Reducing the use of restrictive practices
Around half of all people with learning disabilities and challenging behaviour are subject to physical interventions.
The right policies and practice, and high quality training to increase staff skills and confidence and reduce injuries, is therefore critical.
Much has been achieved by the British Institute of Learning Disabilities (BILD) work in this area over the last 10 years through the BILD Code of Practice and Policy Framework and our Physical Interventions Accreditation Scheme >
Positive Behaviour Management is at the forefront of strategies to reduce restrictive practices and has been practiced by Elliots Hill for over 10 years.
What is Positive Behaviour Management?
Aggression is one of the most common and certainly one of the most challenging of ‘challenging behaviours’.
Positive Behaviour Management is a reactive strategy of Positive Behaviour Support and aides with the capacity for understanding, preventing and responding to aggressive acts.
The consequences of failing rise to the challenge of aggression are serious indeed. People with learning disabilities who show aggressive behaviours are often excluded, not only from community settings, but also from the very services which are designed to provide support. Aggression can and does result in people being hurt physically and emotionally.
Carers. Staff, other people with learning disabilities and members of the public are at risk of physical injury as a direct result of aggression. The person with a learning disability himself or herself is at risk of injury resulting from unskilled attempts to diffuse or contain aggressive episodes. They are also at longer term risk of ‘injury’ as a direct result of inadequate attempts to ‘treat’ their aggression, for example through the prolonged and unnecessary use of antipsychotic medication.
There are three main things we need to do in order to improve our capacity to understand, prevent and respond to aggressive acts:
- First we need to learn from the knowledge which already exists about the meaning and causes of aggression and the nature of effective ways of responding
- Secondly we need to take seriously the tasks of prevention and treatment
- Thirdly we need to learn the skills involved in the de-escalation and management of aggressive episodes.
Attending to only one of these is insufficient. Complex problems require complex solutions.
Elliots Hill has a wealth of expertise relevant to all three areas, based on extensive experience and a detailed understanding of what aggression is, what it means and what can be done about it.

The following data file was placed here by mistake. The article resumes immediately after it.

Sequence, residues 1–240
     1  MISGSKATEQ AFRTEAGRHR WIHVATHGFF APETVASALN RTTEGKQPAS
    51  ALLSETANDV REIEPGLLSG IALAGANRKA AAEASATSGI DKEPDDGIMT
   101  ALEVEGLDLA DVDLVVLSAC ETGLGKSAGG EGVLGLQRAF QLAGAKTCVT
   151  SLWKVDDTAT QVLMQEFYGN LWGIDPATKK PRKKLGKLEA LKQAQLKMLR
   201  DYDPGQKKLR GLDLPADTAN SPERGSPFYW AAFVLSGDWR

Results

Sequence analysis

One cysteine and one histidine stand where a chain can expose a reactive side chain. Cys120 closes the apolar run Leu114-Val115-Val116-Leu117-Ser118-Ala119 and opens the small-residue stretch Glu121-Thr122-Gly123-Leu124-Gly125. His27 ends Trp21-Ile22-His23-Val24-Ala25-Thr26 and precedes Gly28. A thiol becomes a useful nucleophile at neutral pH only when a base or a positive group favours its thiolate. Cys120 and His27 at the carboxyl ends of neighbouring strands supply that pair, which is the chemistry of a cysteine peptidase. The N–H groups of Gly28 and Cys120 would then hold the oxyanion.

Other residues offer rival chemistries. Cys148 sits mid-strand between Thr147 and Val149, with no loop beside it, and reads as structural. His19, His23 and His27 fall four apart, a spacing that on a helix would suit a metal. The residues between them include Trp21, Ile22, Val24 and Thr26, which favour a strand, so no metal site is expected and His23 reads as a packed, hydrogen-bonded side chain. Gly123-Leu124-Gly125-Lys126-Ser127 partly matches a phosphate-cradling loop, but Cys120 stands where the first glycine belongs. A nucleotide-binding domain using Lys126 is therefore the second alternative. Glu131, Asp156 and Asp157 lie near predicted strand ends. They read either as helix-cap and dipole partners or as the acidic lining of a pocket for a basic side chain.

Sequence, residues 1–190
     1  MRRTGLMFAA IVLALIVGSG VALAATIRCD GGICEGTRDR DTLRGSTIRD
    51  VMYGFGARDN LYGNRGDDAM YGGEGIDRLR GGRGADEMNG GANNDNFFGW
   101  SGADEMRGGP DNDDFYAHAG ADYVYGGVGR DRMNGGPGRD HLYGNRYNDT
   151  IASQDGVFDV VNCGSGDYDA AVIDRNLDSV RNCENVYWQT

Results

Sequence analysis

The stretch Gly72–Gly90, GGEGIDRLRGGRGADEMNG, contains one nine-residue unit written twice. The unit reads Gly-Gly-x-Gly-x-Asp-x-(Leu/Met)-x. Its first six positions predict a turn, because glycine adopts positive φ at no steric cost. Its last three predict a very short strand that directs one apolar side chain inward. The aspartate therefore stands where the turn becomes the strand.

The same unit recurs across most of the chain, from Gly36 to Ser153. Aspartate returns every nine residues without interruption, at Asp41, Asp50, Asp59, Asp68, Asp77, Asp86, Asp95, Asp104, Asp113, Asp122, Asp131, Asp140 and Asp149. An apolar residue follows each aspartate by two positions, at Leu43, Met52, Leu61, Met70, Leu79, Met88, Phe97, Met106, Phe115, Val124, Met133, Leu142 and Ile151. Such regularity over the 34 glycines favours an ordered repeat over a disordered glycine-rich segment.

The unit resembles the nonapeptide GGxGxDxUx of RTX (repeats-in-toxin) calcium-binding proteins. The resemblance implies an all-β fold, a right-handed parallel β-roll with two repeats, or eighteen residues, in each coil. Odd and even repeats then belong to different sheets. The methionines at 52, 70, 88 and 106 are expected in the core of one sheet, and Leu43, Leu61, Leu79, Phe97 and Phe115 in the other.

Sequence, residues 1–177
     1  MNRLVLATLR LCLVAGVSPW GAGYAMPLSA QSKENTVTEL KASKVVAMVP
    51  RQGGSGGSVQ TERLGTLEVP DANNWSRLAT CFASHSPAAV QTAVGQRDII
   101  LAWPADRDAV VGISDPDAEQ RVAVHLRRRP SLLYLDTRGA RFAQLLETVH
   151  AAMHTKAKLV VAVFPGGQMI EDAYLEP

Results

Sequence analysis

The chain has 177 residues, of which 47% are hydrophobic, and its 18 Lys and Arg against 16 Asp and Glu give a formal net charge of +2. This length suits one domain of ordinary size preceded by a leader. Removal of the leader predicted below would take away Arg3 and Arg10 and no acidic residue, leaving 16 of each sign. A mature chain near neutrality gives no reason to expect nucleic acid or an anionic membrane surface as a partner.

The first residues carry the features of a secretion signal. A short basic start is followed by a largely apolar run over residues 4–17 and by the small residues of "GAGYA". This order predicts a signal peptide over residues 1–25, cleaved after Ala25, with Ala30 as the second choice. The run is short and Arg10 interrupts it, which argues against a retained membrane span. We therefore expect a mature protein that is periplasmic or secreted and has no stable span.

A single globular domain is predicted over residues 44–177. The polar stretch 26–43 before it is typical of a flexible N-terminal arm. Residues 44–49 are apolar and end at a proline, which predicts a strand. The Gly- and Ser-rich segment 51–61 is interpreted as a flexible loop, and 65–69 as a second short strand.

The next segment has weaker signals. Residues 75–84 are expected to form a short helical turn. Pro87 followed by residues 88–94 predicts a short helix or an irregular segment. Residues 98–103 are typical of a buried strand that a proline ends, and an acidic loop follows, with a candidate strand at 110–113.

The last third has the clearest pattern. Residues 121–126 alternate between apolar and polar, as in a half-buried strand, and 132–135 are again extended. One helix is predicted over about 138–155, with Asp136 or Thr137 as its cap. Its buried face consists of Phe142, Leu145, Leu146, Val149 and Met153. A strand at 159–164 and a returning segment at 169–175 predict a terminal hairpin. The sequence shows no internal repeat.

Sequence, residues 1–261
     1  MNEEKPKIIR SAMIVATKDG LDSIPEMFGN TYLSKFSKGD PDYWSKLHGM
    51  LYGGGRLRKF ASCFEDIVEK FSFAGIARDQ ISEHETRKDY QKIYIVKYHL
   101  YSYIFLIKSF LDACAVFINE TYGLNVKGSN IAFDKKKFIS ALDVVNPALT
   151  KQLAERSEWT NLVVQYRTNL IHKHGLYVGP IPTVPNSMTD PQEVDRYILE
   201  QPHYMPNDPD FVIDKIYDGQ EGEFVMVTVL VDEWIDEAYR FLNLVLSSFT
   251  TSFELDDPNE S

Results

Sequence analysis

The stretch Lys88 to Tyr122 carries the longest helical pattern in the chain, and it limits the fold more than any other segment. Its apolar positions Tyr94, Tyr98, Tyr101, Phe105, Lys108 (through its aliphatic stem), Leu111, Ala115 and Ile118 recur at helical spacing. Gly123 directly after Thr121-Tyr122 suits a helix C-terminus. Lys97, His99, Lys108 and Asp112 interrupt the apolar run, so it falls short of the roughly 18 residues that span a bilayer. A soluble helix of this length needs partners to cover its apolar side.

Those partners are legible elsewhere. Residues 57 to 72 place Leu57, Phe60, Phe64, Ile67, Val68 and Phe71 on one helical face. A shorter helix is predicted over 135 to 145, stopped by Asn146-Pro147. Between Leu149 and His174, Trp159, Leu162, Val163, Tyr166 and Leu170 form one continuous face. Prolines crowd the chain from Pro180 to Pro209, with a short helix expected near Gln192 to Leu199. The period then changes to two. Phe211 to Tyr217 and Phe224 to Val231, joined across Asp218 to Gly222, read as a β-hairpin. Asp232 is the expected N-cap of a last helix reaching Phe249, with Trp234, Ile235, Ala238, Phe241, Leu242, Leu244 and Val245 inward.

Elliots Hill employs extensive training to ensure that care staff are equipped with the values, knowledge and skills necessary to work closely with people with learning disabilities who may become aggressive.
People with learning disabilities and those who care for them have a right to demand that services avail themselves and their staff to well thought out, tried and tested reactive strategies that are comprehensively integrated with the concepts of positive behavioural support.
PBM is compliant with and supportive of the:
- All Wales NHS Violence and Aggression Passport and Information Scheme (The Passport)
- The NHS Counter Fraud and Security Management Service (NHS CFSMS)
- NICE (Clinical Guideline 25)
- BILD Code of Practice for the Use of Physical Interventions
- LYON et al. Publication, Physical Interventions and the Law
- DFES/DOH Guidelines on Restrictive Physical Interventions
- Accredited by BILD, current accreditation valid until June 2015
- Rolled out as specific BTEC qualifications
- Mapped out against NVQ Qualifications Levels 2, 3 & 4 (HSC) and Level 4 (L&D)
- Mapped out against the QCF Diplomas’ in Health and Social Care for adults with a learning disability at levels 2, 3, & 5
- Mapped out against the NHS Knowledge and Skills Framework
A National Training Award in 1997 in recognition of its impact on improving services for people with learning disabilities and challenging behaviour
PBS Qualifications - http://www.mle.wales.nhs.uk/course/category.php?id=2
Positive Response training - http://www.positive-response.co.uk/